Friday, October 10, 2014

"Project TV"- Part 2

For those who knew us all the years before we went on the road you know that we never had a TV in our stix and brix.  When we bought Opus in 2006 we suddenly owned two TVs.  They were both old, very heavy, analog tube units that required an extra device to receive over the air stations, something we often do as we are traveling.  Last summer while in WashPA I replaced our old tube TV in the bedroom with a flat screen mounted on a door that I built so the empty space behind could be used for storage.  Here is a link to the blog post on that project.  Our stay ended before I was able to replace the front TV that I wanted to do here because I had access to friends' tools and carpenter skills.  So that job was added to this year's to do list.
Here's the old TV.  It still had a good picture but weighed over 70 pounds, so it had to go.  Mike came down to give me a had getting it out of the overhead box where it was mounted.  The trim is held in with two screws on the bottom and two inside the doors at the top on the sides.  After the trim was removed we could see the metal bar securing the TV at the top.
There was a lot of space left after the old TV was removed.  I opted to mount the new one on a permanent bracket and not use the space for storage that would just add weight. 
We went with a 32" Vizio that, at 28.5 inches wide, fit perfectly into the space side to side.  This meant I could use the old trim with very little modification.  This is the new unit sitting temporarily in the space.  
The new TV weighs less than 11 pounds but I opted for the bigger Mor/ryde TV1-002H mount because you only need about 1/2 inch of top clearance to get it on to the mount.  The mount I used for the bedroom TV required almost five inches of clearance.  You do need to have access to the bracket to secure it after the TV is hung.
I called in an expert, Tom, to help with building the frame to mount the bracket on.  It would have been a much more trial and ERROR job if I had tried to do it without him.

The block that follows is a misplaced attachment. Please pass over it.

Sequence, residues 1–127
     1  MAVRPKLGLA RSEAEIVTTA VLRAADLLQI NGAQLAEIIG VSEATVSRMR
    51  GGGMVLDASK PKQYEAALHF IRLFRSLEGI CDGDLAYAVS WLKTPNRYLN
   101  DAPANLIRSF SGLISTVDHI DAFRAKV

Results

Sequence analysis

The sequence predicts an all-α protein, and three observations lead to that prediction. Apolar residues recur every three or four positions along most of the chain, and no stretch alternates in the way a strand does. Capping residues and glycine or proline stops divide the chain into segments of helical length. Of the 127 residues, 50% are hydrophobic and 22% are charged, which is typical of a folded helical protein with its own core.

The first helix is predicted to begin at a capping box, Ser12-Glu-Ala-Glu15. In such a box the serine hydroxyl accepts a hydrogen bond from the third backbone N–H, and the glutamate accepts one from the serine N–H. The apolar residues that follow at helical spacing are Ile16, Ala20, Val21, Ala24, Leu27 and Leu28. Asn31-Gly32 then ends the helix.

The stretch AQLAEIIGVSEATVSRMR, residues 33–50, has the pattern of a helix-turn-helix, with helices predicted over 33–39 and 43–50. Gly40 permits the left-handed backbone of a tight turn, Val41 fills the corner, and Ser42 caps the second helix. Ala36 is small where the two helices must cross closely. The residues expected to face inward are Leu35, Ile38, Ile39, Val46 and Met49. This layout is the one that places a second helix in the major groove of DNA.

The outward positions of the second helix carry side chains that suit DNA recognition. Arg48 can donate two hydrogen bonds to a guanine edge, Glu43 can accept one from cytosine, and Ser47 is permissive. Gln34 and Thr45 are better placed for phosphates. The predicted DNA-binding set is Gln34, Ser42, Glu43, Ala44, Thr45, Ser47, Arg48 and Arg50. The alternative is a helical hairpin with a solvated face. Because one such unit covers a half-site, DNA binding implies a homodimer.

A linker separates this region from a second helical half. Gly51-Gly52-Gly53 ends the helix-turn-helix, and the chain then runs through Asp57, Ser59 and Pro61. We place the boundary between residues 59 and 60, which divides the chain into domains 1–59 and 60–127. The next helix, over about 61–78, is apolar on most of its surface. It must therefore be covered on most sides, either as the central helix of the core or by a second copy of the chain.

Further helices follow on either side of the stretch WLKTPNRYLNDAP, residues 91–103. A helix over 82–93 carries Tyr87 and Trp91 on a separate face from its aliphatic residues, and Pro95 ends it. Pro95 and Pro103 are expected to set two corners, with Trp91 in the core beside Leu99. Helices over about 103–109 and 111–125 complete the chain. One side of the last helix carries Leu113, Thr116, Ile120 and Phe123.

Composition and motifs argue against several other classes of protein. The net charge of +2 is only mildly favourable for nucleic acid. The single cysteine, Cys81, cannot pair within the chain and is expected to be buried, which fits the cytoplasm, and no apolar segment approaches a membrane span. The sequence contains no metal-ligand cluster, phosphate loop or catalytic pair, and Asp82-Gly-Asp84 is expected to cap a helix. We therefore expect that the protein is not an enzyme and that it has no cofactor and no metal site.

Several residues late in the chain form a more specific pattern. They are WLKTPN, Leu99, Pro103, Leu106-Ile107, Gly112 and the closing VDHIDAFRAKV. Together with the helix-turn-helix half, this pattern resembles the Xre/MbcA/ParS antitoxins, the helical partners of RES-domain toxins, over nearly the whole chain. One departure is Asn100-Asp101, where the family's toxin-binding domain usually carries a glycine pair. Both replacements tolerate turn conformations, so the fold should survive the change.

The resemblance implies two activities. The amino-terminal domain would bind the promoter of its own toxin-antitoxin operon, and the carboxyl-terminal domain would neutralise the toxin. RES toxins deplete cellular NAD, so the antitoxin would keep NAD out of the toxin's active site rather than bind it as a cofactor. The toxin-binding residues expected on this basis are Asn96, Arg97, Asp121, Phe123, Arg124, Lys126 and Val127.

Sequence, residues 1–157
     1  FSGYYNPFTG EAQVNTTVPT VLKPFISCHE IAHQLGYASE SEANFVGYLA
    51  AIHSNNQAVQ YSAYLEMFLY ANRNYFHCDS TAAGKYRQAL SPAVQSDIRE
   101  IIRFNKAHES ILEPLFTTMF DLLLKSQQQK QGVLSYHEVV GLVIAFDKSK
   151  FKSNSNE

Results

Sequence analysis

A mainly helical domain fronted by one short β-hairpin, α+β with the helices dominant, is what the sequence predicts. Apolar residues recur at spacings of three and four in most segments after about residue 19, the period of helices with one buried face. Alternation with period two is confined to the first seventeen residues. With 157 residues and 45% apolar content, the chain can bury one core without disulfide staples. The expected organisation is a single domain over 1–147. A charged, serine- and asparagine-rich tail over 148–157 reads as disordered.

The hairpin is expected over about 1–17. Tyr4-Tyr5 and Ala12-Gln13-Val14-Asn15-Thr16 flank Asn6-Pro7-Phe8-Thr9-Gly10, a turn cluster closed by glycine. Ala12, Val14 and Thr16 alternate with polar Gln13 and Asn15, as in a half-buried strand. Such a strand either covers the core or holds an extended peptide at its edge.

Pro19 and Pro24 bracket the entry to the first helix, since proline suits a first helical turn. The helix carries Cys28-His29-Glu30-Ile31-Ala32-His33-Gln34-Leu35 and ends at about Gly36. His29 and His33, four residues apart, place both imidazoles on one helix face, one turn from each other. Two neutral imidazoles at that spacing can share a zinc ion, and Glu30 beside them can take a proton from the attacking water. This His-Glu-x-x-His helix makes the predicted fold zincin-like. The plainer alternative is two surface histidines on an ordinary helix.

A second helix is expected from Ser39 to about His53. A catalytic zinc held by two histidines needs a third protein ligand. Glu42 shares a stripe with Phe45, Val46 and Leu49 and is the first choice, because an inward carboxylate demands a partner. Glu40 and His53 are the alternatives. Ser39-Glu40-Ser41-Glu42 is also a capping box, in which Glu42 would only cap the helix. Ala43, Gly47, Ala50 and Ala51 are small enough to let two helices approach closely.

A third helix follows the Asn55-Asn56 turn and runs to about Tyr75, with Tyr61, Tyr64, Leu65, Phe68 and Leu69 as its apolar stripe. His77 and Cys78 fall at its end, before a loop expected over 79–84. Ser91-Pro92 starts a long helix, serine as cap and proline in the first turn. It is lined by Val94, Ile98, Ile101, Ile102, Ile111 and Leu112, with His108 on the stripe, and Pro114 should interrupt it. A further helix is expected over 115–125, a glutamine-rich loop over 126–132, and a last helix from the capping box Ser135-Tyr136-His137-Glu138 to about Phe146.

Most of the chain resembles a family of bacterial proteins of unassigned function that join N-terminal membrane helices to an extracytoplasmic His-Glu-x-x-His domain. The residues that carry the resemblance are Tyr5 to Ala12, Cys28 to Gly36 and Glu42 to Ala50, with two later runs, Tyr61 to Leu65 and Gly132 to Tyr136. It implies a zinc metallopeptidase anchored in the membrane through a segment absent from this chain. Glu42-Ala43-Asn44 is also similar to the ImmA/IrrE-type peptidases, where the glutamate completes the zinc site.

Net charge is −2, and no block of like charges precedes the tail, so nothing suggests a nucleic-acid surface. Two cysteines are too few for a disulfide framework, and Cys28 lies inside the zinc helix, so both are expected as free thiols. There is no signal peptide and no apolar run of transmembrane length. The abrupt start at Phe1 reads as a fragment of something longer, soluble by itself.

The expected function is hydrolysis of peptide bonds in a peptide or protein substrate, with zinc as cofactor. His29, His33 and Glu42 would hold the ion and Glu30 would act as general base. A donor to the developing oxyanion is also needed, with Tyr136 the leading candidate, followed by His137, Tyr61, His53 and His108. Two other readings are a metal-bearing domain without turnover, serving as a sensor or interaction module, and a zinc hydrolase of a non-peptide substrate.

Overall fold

He attached a board across the top to the metal frame then one on the bottom to which he attached a 2x4.
Then we secured the bracket to the 2x4 with several lag bolts.  We had to make a couple of modifications before the final fit both side to side and top to bottom was right on, but Tom knew what to do to get r done. 
After the TV was hung I was able to get to the bracket to put the bolts in to attach the bracket on the TV to the part mounted on the 2x4 from the space at the bottom.  I could have taken out the screen on the back of the box (picture above) to gain access if I wasn't able to
 get to the bolts from the bottom. 
The old trim fit perfectly around the new TV except for the space at the bottom.  I put small blocks of wood (bottom left corner) on the board that attaches the trim frame so the TV is sitting on them as well as hanging on the bracket.  I also removed the boards that held the trim at the top because they would not fit with the new TV.  It fits very tightly so I will see how it travels when we hit the road.
We needed the space at the bottom because that is where the TV speakers are located.  Tom cut an old trim board I had removed when I put the TV in the bedroom to top the bottom space.  I stapled black speaker cloth to match the old speakers on each side and added a trim board in the middle to support the stretched cloth.  I also needed to notch the new board so it was not covering the TV's magic eye.  I am really pleased with the way the whole project turned out and even more important, so is Nanc.  Another project completed.  

1 comment:

Doing It On the Road(Part II) said...

Great looking mount, but surprised you don't watch Fox news.
Seriously it looks like you have it locked in place with the front wood panels.
The only problem we have is that the back four crews that hold it to the mount constantly vibrate out and the tv slides sideways, so we have a strap across the front that further secures the tv during travel.

You are probably ok without a strap but just wanted to let you know about the screw problem.
clear skies